Another race weekend back in the Lone Star State!
It’s confusing to some that Ironman branded races can either be half (70.3 miles) or full distance (140.6 miles), and many of my friends thought this was “THE” race I’ve been training for. And let me just say, for all of you that sent encouraging notes or congratulatory Facebook comments….man, I LOVE YOU GUYS! Seriously, your encouragement means far more than you know. But. I still have 16 days until my first FULL Ironman (so keep cheering)! The race in Galveston last weekend was just….the warm-up; an opportunity to go through the motions and hone in on my race-day strategies in preparation for the BIG day.
If you remember, I traveled to Austin last October in hopes of getting this race-day practice and confidence boost. However, the swim at Austin 70.3 was cancelled due to fog so it wasn’t really the swim/bike/run experience I had been hoping for. So I talked to my coach about a last ditch effort to get in another 70.3 before April, in hopes it would give me the reassurance I needed to know that I was ready to tackle Ironman Texas. My coach was planning to do Galveston 70.3, so I signed up too. And then our other 2 teammates, Amy and Cecilia registered and BAM! we had ourselves a nice little girls trip in the making….
The day before the race we attempted a practice ride, but didn’t even make it 1 mile before we stopped and turned back. Winds were too gusty and it was just too dangerous to be out there in traffic.
The weather forecast wasn’t looking good. 90% chance of thunderstorms with 20+ mph winds. I thought for sure parts of the race were going to be cancelled or shortened. We kept an eye on the weather app, not that we needed it really….you could just step outside to see that it was bad.
So we showed up on race morning, hoping for the best! Per usual Texas weather, the forecast had cleared some. Winds and humidity were still high, but looked like the storms would hold off until later that evening. Ok, so this is happening!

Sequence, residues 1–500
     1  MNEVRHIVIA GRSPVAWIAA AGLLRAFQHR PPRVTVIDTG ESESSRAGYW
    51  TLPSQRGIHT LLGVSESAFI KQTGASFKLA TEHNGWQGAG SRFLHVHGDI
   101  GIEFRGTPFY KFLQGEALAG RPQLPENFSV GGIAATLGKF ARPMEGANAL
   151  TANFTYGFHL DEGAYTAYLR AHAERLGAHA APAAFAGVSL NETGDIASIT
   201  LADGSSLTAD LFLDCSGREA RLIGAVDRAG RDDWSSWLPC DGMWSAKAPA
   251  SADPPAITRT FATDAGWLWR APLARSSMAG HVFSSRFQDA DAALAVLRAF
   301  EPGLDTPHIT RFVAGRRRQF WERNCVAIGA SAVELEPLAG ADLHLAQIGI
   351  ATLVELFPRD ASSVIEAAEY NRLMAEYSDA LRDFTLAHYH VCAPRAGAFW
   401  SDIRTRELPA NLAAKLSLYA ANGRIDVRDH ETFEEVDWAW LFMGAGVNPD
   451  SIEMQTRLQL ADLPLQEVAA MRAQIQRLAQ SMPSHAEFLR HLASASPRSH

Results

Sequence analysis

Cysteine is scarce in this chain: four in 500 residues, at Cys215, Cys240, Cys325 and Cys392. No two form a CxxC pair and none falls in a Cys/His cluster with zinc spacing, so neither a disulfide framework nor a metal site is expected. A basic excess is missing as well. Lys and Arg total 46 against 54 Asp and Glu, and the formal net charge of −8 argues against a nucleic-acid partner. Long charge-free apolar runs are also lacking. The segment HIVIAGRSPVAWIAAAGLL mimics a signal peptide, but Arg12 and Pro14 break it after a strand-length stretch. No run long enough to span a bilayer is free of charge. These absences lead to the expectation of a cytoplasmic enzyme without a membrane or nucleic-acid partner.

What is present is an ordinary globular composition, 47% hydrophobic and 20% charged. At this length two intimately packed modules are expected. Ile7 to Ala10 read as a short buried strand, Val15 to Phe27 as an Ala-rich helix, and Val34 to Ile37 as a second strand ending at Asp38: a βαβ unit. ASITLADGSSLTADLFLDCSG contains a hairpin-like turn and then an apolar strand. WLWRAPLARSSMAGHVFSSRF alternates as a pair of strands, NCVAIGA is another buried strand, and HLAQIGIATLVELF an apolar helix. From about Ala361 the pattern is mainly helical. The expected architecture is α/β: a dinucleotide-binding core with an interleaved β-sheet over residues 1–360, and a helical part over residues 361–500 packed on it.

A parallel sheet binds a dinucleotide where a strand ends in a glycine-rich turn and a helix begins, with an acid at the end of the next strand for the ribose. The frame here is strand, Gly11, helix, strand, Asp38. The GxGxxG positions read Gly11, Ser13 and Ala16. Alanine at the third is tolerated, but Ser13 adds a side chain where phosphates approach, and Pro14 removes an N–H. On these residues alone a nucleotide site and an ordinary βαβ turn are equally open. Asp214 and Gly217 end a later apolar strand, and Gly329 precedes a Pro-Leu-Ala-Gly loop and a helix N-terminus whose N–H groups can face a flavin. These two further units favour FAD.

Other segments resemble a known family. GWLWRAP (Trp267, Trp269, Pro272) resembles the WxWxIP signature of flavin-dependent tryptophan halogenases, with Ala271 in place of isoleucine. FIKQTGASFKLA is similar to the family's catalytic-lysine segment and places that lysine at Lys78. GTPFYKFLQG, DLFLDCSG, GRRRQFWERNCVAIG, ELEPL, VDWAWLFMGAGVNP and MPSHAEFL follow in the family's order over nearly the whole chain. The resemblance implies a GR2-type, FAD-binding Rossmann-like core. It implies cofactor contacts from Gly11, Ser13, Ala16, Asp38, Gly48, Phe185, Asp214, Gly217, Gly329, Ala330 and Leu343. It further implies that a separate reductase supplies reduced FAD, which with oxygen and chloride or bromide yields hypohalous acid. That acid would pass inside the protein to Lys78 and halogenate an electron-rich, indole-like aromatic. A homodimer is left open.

I felt surprisingly non-nervous before the race – possibly because I kept thinking it wasn’t going to happen? In fact, I even told Amy to brace herself for the onset of my nerves before the swim (because man, in Austin they were ridiculous!!) but they never really came. Amy and I were in the same swim wave so we kinda goofed around and talked with other athletes until it was our turn to jump into the water.
1.2 mile swim
And here’s where I made my first mistake. In my last couple of swims I’ve always lined up near the front of the swim wave. I thought surely there couldn’t be that much difference between the first and third row. Well there is, and I was having to fight people for position, something I’ve never had to deal with before. Even though it didn’t last longer than a couple minutes….it was still annoying and uncomfortable. My second mistake was not really familiarizing myself with the swim course. It was rumored the officials had removed a turn buoy but I wasn’t exactly sure where, and well…I was just flailing around out there with no real plan. The water was choppy due to the wind and there was a weird side current thing, and there were people swimming on either sides of the buoys…some stopping to hang on them so it was just kind of a cluster. As the swim normally is, I guess. After the first turn I think I finally chilled out some and tried to slow my pace to find a comfortable rhythm as I headed to the next turn buoy. By the time I rounded that buoy, the swim was almost over. I could see the swim exit, a straight shot in front of me, so I settled in and practiced my 6 stroke sighting technique until it was my turn to walk up the rickety exit ramp. Yay, swim complete…in (almost) the exact 35 minutes I had hoped to finish it in.
Official swim time: 34:54 (1:48/100m)
56 mile bike